Who is trying to move out of agriculture? The trend of moving out of agriculture is perhaps not confined to any specific class or category. While marginal and small cultivators seem to be moving out of agriculture, the bigger farmer is moving out of the village itself. The big farmers of Punjab invariably have a part of their family living in the town. Their children go to urban schools/colleges, and they invest their surplus in non-agricultural activities.

Not only has there been a fragmentation of farming classes, the rural social structure has also undergone a near complete transformation over the last three or four decades. My recent study of changing caste relations in rural Punjab clearly reflects this process. As I have argued elsewhere,9 commercialization and mechanization of agriculture on the one hand and introduction of democratic political process on the other have together fundamentally transformed caste relations in rural Punjab. Over the last twenty years or so a large proportion of dalits in Punjab have consciously dissociated themselves from their traditional occupations as also distanced from everyday engagement with the agrarian economy, which earlier provided the source of power for the locally dominant castes over them. They have also been investing in building their own cultural resources in the village, in gurudwaras and dharamshalas.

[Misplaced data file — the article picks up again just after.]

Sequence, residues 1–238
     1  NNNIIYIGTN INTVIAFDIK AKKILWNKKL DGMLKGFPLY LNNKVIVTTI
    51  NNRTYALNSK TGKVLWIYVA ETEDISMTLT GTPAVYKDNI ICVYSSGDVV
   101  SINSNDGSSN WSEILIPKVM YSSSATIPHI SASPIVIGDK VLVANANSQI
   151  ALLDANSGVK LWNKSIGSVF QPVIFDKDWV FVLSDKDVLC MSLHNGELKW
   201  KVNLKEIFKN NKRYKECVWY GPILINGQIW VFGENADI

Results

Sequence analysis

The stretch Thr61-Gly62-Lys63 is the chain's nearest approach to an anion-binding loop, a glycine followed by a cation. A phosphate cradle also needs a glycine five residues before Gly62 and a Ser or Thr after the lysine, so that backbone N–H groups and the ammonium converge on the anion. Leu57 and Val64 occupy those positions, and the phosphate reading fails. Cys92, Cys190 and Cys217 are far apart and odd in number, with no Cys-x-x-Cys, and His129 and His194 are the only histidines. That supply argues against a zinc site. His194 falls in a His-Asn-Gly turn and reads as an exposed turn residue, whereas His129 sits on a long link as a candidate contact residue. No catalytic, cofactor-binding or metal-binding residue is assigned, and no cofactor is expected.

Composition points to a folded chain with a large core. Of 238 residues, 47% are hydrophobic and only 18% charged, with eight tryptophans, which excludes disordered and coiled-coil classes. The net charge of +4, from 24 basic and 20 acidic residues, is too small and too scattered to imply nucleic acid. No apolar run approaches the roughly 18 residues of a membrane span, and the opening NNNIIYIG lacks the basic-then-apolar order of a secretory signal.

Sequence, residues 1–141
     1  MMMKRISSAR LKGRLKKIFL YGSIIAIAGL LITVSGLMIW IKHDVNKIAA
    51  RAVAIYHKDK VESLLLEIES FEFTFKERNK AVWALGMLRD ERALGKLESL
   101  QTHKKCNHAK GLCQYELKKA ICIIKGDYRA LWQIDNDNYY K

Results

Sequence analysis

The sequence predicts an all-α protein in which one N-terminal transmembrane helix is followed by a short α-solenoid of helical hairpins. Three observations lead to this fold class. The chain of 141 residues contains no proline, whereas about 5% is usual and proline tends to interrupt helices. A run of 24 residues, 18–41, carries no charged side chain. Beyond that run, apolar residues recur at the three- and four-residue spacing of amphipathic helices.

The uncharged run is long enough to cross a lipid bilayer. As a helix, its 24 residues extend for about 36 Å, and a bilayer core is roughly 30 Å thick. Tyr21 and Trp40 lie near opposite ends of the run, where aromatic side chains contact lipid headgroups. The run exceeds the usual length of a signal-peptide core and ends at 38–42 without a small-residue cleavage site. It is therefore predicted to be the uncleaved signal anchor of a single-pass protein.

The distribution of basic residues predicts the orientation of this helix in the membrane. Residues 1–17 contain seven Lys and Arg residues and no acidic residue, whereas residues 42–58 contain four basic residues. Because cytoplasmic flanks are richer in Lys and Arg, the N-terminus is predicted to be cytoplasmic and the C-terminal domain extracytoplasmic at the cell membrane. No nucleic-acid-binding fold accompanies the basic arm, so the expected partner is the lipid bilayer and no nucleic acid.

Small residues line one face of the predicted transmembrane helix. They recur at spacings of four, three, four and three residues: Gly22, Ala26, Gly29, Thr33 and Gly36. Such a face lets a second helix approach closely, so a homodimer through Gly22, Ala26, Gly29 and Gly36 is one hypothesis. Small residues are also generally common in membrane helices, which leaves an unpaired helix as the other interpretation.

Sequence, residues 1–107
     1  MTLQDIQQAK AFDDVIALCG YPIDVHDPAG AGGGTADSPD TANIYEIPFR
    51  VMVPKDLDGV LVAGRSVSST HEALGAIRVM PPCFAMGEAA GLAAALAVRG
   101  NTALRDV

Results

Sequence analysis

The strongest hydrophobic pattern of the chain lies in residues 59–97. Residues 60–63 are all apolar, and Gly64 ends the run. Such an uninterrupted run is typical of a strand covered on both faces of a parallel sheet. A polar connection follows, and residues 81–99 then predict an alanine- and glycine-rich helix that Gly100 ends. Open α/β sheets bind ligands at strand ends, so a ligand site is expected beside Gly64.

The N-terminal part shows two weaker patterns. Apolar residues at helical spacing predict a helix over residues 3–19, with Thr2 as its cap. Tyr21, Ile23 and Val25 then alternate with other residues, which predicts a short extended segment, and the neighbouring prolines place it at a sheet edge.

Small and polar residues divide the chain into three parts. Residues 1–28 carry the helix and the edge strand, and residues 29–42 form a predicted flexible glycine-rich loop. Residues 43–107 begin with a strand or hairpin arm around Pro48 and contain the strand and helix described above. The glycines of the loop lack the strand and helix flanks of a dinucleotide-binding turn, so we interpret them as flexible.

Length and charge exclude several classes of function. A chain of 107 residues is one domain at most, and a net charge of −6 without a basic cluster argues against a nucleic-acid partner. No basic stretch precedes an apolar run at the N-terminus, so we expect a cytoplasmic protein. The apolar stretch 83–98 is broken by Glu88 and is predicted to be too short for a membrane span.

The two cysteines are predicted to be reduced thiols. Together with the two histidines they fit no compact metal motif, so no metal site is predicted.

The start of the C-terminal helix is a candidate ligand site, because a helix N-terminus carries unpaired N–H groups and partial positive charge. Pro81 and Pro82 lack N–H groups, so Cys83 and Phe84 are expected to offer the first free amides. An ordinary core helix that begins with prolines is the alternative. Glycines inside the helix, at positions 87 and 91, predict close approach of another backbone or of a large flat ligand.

The growing autonomy of the dalits from the ‘traditional’ rural economy and structures of patronage and loyalty has created a rather piquant situation in the countryside with potentially far-reaching political implications. While the institutions supporting the ideas and structures of hierarchy have nearly disintegrated, the upper castes have not yet shed their prejudice against the former ‘untouchable’ groups. Nor have they reconciled to the changed ground realities. In the emerging scenario, local dalits have begun to assert for equal rights and a share from the resources that belong commonly to the village and had so far been in the exclusive control of the locally dominant caste groups or individual households.